If nothing else, your own graphs shows that health care spending doesn't correlate much (if any) to lifespan, so it tend to disprove your own thesis. I mean, look at the other countries on the graph apart from the U.S. Spending on health care doesn't correlate to lifespan at any point.
     
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  3. ReillyT
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    ReillyT Senior Member

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    He makes a good point.
     
  4. Toro
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    Toro Diamond Member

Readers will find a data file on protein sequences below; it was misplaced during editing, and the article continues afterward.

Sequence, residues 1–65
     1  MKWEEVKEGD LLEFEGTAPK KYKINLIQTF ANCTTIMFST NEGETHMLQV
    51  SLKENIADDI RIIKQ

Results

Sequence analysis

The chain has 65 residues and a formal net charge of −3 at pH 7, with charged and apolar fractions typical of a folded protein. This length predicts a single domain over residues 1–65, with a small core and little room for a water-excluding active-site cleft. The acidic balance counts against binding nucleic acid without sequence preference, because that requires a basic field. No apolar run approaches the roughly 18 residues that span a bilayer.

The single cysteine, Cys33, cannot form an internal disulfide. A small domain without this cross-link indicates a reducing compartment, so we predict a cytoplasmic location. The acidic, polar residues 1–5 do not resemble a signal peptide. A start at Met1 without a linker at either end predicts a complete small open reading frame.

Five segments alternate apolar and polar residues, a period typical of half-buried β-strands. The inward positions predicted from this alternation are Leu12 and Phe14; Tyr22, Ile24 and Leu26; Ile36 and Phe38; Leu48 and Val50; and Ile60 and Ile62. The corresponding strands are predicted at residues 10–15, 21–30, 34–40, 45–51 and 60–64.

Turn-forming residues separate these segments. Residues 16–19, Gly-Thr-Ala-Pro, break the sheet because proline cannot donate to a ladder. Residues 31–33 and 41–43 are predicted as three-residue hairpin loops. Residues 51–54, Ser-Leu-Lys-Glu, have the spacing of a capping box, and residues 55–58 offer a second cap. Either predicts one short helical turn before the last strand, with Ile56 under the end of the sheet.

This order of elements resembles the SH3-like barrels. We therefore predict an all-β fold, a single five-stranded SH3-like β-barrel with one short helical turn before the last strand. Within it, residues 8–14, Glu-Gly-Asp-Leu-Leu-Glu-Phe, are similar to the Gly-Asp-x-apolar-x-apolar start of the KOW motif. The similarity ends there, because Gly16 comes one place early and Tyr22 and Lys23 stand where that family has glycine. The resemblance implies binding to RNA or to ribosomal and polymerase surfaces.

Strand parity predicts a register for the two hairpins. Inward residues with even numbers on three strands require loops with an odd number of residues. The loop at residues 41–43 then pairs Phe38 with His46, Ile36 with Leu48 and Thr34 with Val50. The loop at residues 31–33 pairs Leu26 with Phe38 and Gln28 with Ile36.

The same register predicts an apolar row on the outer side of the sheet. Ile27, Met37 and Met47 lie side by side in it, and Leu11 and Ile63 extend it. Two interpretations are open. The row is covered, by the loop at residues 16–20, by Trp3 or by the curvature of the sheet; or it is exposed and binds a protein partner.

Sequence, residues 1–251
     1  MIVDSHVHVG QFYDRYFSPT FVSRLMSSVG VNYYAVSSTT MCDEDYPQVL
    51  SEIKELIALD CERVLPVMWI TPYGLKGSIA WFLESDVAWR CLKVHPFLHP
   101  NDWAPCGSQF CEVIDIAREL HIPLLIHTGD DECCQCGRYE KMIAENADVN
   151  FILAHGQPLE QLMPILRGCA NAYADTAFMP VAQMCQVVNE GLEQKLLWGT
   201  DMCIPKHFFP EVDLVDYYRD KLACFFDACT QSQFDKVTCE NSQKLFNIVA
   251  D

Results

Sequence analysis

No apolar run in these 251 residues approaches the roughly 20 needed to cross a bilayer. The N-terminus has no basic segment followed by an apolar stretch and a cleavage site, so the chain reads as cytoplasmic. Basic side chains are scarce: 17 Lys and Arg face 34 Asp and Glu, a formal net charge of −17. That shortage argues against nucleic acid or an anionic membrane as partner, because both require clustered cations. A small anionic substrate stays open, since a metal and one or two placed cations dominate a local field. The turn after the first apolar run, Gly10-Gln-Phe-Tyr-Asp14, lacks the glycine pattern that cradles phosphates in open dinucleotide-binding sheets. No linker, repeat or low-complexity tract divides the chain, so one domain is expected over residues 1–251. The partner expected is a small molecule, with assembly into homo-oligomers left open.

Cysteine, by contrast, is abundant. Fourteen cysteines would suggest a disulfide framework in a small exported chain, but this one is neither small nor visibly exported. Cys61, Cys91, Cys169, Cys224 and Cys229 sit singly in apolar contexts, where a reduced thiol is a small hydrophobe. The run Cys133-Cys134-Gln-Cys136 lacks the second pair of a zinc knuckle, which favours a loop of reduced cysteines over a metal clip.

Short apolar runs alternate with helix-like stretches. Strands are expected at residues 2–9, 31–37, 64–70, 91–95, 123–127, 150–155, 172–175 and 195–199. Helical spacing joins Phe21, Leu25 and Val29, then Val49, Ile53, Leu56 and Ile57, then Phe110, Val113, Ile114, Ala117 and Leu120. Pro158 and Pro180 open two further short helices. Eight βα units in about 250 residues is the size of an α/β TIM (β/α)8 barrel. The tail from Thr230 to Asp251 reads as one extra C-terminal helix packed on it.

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    "Only" four years. That is a large amount in terms of life span. It is over 5%. Why look only at Japan? Canadians don't live much healthier than Americans. The Brits don't live much healthier than Americans. The French have a diet high in fat. And have you ever seen what they eat for breakfast in Germany? :)

    I think the fact that spending doesn't correlate to life span exactly proves my point. Posters have been writing here the horrors of socialized medicine and all the restrictions that go with it. However, government medical insurance doesn't seem to detract where it matters most.
     
  5. Bern80
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    Bern80 Gold Member